NO. 20 AND RISING: An annual study done by the National Education Association shows New Mexico jumped from 25th to 20th in per-pupil spending in the past year.
By Rob Nikolewski │ New Mexico Watchdog
SANTA FE, N.M. — For years, New Mexico has finished near the bottom in national educational measurements such as reading and math, which has led to calls from some interest groups to increase student spending.
But according to an annual study by the National Education Association, the largest teachers’ union in the country, New Mexico ranks 20th in per-pupil spending.
That’s five notches higher than last year, when New Mexico ranked 25th in expenditures for public schools per student in kindergarten through 12th grade.
The NEA’s “Rankings of the States 2013 and Estimates of School Statistics 2014″ came out this spring showing New Mexico spent $11,019 per student for the 2012-2013 school year. That’s 20th in the country and slightly above the U.S. average of $10,938 and above the national median of $10,251:
The per-pupil figure is $816 higher than last year’s NEA study, reported by New Mexico Watchdog, that showed the state spending $10,203 per student.
What’s more, NEA researchers this year ranked New Mexico sixth in the nation for per capita state government expenditures for all education, which included higher education.
In the 19 measurements of school expenditures done by the NEA study, New Mexico finished in the top 10 in the nation in six categories and finished in the top half in 17.
New Mexico’s lowest finish was 26th in the nation in two measurements of expenditures per K-12 students who are listed under the Americans with Disabilities Act. (Click here to read the entire NEA study and see pages 52-58 for the data on school spending by state.)
State Rep. Eliseo Lee Alcon, D-Milan, said he’s in favor of increasing spending on public education, adding that the NEA study doesn’t change his mind.
“We’re spending a lot of money but you’ve got to remember, we have a lot more needs,” Alcon told New Mexico Watchdog. “We have so many different cultures in our state, and that makes it difficult to teach.”
But the NEA numbers did not surprise state Sen. John Arthur Smith, D-Deming.
“John Q. Public really has no idea of how much financial effort that the taxpayers and the citizens have poured into this and are still waiting for different outcomes,” Smith said. “The issue that puzzles me the most is that when suggestions come on how we should change things, there’s an outcry and the final result is, let’s keep doing the same thing.”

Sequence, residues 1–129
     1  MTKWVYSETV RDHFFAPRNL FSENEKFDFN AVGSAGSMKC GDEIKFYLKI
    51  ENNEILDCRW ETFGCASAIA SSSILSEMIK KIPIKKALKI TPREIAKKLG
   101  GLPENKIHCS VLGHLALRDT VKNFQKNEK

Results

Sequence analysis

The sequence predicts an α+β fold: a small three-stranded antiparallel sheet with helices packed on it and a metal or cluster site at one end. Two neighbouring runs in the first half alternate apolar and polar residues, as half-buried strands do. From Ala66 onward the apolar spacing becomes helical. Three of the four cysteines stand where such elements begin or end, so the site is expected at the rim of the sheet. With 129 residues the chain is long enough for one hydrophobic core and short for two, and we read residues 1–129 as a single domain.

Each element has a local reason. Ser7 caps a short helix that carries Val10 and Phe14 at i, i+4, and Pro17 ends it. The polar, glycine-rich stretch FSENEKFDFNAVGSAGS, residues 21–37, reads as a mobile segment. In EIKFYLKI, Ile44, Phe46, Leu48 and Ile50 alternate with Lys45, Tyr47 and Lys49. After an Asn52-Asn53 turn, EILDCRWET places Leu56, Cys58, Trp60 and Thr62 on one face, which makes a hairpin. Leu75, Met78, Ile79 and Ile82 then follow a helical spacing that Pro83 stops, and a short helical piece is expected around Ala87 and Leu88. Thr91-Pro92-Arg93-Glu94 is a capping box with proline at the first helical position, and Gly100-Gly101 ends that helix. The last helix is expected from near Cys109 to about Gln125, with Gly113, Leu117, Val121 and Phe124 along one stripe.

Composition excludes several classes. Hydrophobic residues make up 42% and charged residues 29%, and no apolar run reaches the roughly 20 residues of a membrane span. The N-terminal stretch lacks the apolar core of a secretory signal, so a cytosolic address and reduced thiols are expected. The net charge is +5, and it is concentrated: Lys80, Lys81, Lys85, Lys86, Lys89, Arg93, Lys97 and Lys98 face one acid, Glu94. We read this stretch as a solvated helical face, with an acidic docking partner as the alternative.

Charles Goodmacher, government relations director for NEA-New Mexico, didn’t dispute the national NEA numbers, but said the state should spend more money on education.
“If other (states) are underfunding too, then that doesn’t mean we’re doing a good job of funding because we’re funding at a higher level than they are,” Goodmacher said.
Goodmacher said New Mexico’s high poverty rates means many students have to deal with more out-of-school issues than children in other states.
“That requires more spending per pupil to make up for,” he said. “There are so many extra services that are needed in New Mexico to have the students ready physically as well as emotionally.”
New Mexico’s fourth-grade reading scores in 2013 were lower than those in 49 other states, according to the National Assessment of Educational Progress, and the state’s fourth-grade math scores were lower than 46 other states.
About the same time the NEA released its findings, a scholar from the Cato Institute, a libertarian-leaning think tank based in Washington, D.C., made headlines by claiming there is no correlation between school spending and academic achievement.
In his study of academic performance during the past four decades, Andrew Coulson concluded that despite large increases in spending , “the takeaway from this study is that what we’ve done over the past 40 years hasn’t worked. The average performance change nationwide has declined 3 percent in mathematical and verbal skills.”
New Mexico Voices for Children, which has long advocated for increased spending for public schools, disagreed.
“The Cato report assumes that education money is spent the same way it was in the 1960s and ’70s,” the organization said in an email. “In fact, schools have been mandated to provide many more services — special education, after-school programs, computer sciences, etc. — and today’s classrooms require much more technology than they did in the days of the mimeograph.”
Contact Rob Nikolewski at firstname.lastname@example.org and follow him on Twitter @robnikolewski